Is SeaWorld Entertainment Inc. Staging a Comeback?

Source: SeaWorld.

The turnstiles atSeaWorld Entertainment are starting to click in the right direction again. The meandering theme park operator posted its most impressive attendance gains as a public company on Thursday. SeaWorld entertained 3.2 million guests across its collection of gated attractions in the first quarter, 5.6% ahead of its attendance through the first three months of 2014.

It is SeaWorld's best showing on the attendance front since going public at $27 in early 2013, but it wouldn't have taken much to make that happen. SeaWorld's coming off of back-to-back years of attendance declines of 4%.

Improving trends and the excitement over a seasoned amusement park outsider taking over as CEO last month have won over the once skeptical market. Late last month the stock hit its highest levels since August of last year.

However, let's not read too much into a single quarter's attendance clicks. It's definitely a welcome break after a rough stretch of negative comps. It's also impressive in light of what larger rival Disney did during those same three months. The family entertainment giant reported earlier in the week, and it revealed that attendance actually declined in Disneyland and only inched 2% higher at Disney World. This would seem to be great news. The marine life park operator is actually closing the gap with Mickey Mouse! However, there are a few reasons to temper one's enthusiasm for SeaWorld as we head into the balance of the year.

  • SeaWorld's parks are seasonal, and the first three months of the year don't reveal much. SeaWorld's 3 million guests during the first quarter of last year accounted for just 13% of 2014's total attendance of 22.4 million.
  • The timing of the Easter holiday -- falling in April of last year but March of this year -- inflated the performance this time around. We saw that favorable tailwind come into play during the second quarter of last year when attendance rose 0.3%, the only other period in SeaWorld's brief tenure as a publicly traded company with positive year-over-year guest counts. We will need to see how the current quarter plays out allowing us to compare the first half of 2015 with the first half of 2014 for a more accurate read.
  • There's more to running a successful theme park than getting folks inside. In SeaWorld's case it had to discount admissions, only to find guests spending less once inside the park. Guests paid an average of 5.6% less in admissions, and an average of 1.7% less in food, merchandise, and other in-park expenditures than they did a year earlier. That's a sharp contrast to Disney where per capita admissions and in-park spending have moved nicely higher.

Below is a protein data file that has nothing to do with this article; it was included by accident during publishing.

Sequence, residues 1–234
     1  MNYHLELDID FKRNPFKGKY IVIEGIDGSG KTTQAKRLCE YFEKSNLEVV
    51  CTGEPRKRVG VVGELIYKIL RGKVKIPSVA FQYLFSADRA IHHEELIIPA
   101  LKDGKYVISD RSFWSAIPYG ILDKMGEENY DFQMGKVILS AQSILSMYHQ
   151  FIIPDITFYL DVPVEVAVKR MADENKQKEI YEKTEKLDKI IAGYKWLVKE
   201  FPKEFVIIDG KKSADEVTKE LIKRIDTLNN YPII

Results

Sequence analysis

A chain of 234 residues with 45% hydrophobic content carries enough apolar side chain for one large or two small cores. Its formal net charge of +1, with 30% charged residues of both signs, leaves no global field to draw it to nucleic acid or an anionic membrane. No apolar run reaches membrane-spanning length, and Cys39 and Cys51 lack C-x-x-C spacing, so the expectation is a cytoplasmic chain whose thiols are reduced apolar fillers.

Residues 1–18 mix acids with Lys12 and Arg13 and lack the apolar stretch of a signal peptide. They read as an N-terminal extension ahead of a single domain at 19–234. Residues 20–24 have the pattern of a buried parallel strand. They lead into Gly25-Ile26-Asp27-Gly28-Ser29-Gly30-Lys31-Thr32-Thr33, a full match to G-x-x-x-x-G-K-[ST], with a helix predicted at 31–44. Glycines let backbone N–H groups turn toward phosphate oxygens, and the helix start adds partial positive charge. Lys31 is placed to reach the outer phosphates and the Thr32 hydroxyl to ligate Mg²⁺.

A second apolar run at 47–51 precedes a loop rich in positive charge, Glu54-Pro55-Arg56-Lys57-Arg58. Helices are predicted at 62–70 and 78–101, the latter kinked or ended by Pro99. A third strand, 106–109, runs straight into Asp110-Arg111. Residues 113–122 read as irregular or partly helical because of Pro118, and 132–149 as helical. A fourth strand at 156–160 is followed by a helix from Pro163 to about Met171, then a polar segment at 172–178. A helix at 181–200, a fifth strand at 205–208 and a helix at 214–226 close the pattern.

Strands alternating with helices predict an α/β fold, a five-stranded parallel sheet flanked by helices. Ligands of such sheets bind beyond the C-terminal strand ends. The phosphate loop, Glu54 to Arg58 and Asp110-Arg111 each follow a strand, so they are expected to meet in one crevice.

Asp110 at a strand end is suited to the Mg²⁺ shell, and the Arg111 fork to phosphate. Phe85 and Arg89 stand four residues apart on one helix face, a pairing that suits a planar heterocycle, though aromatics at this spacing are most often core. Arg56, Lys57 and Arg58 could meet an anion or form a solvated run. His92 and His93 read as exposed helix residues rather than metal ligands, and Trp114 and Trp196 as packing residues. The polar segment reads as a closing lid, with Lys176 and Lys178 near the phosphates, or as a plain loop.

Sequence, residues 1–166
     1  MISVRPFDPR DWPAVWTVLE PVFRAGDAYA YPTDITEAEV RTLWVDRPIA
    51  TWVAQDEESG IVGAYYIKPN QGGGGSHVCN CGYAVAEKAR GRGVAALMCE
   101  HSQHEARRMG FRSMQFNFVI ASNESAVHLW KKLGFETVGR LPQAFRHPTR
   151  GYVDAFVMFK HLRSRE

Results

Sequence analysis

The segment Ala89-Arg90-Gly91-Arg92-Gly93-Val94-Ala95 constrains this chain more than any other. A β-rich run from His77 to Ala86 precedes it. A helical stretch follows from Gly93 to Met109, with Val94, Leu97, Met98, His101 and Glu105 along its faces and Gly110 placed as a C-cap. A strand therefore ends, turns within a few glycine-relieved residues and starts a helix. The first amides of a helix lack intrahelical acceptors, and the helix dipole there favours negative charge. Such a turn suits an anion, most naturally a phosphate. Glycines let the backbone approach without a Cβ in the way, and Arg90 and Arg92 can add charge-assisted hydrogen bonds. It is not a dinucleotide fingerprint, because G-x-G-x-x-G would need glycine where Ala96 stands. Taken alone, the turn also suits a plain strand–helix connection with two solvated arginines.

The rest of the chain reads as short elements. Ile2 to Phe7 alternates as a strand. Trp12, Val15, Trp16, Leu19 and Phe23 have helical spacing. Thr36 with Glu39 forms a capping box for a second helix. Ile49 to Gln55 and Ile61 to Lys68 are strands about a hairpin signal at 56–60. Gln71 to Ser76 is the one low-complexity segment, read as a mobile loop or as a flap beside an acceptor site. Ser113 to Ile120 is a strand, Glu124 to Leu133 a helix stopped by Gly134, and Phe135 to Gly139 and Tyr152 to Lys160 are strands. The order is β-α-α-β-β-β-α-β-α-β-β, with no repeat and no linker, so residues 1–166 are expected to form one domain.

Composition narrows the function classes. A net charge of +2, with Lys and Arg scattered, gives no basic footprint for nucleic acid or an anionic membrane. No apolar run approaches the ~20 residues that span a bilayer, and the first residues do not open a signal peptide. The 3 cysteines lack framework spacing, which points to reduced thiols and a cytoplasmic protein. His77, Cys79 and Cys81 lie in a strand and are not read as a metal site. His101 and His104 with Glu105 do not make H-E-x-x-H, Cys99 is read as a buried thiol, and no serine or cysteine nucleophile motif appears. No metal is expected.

This doesn't mean that the turnaround in attendance isn't a big deal. Investors just can't make assumptions that SeaWorld is over the Blackfish hump or that it's back to being business as usual. Disney's theme park performance was better than guest counts indicate, and it was the exact opposite at SeaWorld.

This doesn't mean SeaWorld isn't doing a few things right these days. SeaWorld's choice for its new CEO is encouraging. Its decision to invest in a major thrill ride for SeaWorld Orlando could pave the way for the chain relying less on controversial marine life shows. It's stepping up its efforts to address activist claims that it feels are unfounded, and putting some marketing muscle behind them. SeaWorld is also cleverly trying to lump its cause with that of other zoo and aquarium operators, a move that may get the rest of the industry to embrace SeaWorld instead of treating it like an outlier that's getting mauled by negative publicity.

SeaWorld remains cautious about the balance of 2015, and rightfully so. These are challenging times. However, with the economy improving and cheap gas prices fueling summer road trips, the strong start in terms of attendance has a chance at building this year. Your move, Shamu.

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Rick Munarriz owns shares of SeaWorld Entertainment and Walt Disney. The Motley Fool recommends Apple and Walt Disney. The Motley Fool owns shares of Apple and Walt Disney. Try any of our Foolish newsletter services free for 30 days. We Fools may not all hold the same opinions, but we all believe that considering a diverse range of insights makes us better investors. The Motley Fool has a disclosure policy.

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